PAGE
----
Thursday, January 08, 2009

Pretending to Be, January 8, 2009

Prompt: Write about a time you felt one way and acted another. OR (and this is kind of the same prompt but might offer some additional possibilities) write about a time you pretended to be someone or something you aren't.

And, as a writer, what are your goals for the year? Check out this blog to respond--and to learn how valuable actually writing, not just thinking about, your goals can be. (You don't have to be a fiction writer to do this. We nonfiction writers have goals too!)

By the way, this morning's Writer's Almanac featured this poem about trees. I have loved all the tree pieces--and others--that you've been sending. Don't hesitate to post comments on what you like in each other's work. And those of you who are shy about posting, and are emailing your prompt writings to me, try being brave and sharing them here. Can't hurt, can it?

Unfortunate Location

In the front yard there are three big white pines, older
than anything in the neighborhood except the stones.
Magnificent trees that toss their heads in the wind
like the spirited black horses of a troika. It's hard to
know what to do, tall dark trees on the south side of
the house, an unfortunate location, blocking the
winter sun. Dark and damp. Moss grows on the roof,
the porch timbers rot and surely the roots have
reached the old bluestone foundation. At night, in
the wind, a tree could stumble and fall killing us in
our beds. The needles fall year after year making an
acid soil where no grass grows. We rake the fallen
debris, nothing to be done, we stand around with
sticks in our hands. Wonderful trees.

by Louis Jenkins
All Tangled Up with the Living
Nineties Press, 1991

6 comments:

dee said...

A Little Racing

The heat of the summer night is heavy, pervasive. At seventeen, driving my father’s silver green Ford Galaxy 500, an ocean cruiser of a car, with power to burn, I was full of myself. With its hula hoop of a steering wheel, it’s a bear to control.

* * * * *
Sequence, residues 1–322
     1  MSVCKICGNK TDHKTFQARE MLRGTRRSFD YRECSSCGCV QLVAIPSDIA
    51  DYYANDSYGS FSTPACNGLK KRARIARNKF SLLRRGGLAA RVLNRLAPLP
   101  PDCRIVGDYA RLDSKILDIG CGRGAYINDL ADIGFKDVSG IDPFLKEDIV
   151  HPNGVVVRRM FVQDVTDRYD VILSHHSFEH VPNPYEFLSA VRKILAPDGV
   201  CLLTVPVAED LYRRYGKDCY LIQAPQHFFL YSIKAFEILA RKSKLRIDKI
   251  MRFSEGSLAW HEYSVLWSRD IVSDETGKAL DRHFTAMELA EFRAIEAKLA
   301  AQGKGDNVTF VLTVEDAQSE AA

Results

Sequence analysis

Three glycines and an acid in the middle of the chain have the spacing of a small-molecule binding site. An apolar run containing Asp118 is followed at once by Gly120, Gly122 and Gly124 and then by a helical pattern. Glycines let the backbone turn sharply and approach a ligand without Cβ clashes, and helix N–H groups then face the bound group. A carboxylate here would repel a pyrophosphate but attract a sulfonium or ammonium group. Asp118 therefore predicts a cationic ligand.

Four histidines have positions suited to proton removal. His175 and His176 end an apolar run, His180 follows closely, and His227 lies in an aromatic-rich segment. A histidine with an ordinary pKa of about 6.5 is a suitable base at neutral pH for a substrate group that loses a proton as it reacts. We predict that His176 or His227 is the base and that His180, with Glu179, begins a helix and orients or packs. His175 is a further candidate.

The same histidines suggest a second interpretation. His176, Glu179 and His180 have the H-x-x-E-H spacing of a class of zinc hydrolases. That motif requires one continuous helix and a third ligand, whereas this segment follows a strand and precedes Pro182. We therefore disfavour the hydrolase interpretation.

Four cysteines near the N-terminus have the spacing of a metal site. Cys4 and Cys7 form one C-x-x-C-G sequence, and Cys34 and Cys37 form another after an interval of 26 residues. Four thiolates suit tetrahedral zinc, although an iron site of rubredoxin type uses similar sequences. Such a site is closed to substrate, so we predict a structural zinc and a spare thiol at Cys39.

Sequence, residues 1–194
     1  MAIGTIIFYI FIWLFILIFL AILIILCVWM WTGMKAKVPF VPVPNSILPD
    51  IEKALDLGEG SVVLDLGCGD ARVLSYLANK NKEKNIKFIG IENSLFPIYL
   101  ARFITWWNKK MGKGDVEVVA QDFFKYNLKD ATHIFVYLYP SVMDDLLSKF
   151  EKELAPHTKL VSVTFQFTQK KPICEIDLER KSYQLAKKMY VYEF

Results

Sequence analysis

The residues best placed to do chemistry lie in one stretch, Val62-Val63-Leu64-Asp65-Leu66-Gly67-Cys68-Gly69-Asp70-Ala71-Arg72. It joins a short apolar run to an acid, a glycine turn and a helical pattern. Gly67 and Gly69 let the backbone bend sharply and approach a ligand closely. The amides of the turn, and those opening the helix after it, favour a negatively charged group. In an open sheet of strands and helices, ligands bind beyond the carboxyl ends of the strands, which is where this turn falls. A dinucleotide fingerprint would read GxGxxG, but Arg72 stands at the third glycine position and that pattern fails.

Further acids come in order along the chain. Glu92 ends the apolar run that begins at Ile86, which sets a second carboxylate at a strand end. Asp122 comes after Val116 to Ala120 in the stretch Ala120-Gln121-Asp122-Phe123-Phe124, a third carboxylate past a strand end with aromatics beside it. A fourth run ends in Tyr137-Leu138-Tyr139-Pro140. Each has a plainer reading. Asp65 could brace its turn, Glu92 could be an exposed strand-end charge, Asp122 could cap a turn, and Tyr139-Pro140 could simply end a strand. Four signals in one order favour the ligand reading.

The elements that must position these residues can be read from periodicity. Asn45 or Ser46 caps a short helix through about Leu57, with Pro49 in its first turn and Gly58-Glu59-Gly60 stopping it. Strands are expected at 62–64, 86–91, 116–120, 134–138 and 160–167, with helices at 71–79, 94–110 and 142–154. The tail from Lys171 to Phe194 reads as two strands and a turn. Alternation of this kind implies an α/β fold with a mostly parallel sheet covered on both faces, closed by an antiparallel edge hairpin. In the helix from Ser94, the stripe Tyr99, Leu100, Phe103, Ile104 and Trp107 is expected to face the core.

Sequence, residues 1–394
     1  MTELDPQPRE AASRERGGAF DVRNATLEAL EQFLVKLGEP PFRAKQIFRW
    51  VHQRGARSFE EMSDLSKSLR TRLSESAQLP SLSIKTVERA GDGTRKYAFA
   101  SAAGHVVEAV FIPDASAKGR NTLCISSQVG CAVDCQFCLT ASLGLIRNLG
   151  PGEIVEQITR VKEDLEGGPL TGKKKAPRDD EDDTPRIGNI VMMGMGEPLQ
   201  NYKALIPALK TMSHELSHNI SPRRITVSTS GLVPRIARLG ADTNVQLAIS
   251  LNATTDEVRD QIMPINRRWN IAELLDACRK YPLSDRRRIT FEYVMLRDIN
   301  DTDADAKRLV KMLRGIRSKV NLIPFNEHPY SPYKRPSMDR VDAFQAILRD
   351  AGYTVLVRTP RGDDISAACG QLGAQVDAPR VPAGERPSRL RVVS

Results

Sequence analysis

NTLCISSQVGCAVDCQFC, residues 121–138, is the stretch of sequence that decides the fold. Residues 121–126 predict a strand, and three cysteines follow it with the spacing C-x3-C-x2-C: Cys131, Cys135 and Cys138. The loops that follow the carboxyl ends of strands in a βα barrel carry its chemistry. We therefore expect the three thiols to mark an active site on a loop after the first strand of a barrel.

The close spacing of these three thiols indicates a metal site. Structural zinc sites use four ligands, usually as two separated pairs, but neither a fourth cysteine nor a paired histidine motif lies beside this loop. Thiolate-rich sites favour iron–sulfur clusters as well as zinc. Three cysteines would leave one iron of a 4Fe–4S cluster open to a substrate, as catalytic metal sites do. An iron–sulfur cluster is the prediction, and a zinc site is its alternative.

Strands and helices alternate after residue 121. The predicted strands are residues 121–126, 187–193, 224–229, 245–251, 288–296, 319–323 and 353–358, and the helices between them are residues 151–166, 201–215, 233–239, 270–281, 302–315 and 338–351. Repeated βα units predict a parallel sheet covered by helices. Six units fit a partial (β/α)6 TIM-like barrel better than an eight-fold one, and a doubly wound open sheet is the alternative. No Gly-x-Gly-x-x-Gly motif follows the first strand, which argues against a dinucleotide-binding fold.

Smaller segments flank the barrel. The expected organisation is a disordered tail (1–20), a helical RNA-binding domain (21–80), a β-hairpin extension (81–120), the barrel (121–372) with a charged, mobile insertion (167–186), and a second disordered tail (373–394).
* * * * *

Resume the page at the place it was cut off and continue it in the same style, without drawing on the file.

The girls in the car help me spot the cars full of boys we want to keep track of as we cruise – What-A-Burger, through town, Dairy Freeze. Around and around, occasionally parking on the street to allow other cars to catch up and see if anybody wants to hook up, if anyone has beer or pot, if anybody knows of a party.

The two guys in the Corvette are older and not really cool or they wouldn’t be talking to us. But their sleek, beautiful car helps us ignore that. There’s a small crowd around our cars and we start talking about which car is faster, letting our mouths overload our brains. In a fog of adrenalin and bravura, we head out of town to test it out.

We turn off on a side road into the country, hoping for less traffic. It’s narrow, curvy. I speed up, well past my ability to control the car, the girls are screaming for me to speed up, not let them pass. We’re going 85 and I’m trying to keep my nerve, keep my foot on the accelerator, knowing that I’m over my head, that I can’t keep up this speed. I ease up a little, just a little, and they’re past us. It’s over and we’re all still alive.

Jill said...

A Lesson in Effervescence

What’s a "collective effervescence"? I’m itching to ask, but know better. Here, in a new pocket of the country, California, and a new environment, Academia, I’m supposed to have the answers.

“So, you’re going to the collective effervescence, aren’t you?” my advisor, Prof. Holdrege, asks.

“Yes, of course,” I answer, upright in my seat, dressed in pressed slacks and a button down, shoes that pinch. But what is a collective effervescence?

I know collective means together, so I’m assuming this must be the Dept.’s version of orientation. But effervescence? How does one effervesce? And more importantly, what does one wear while effervescing? I’m guessing casual formal. I show up in the same outfit I wore to Prof. Holdrege’s office. Hopefully, she won’t notice.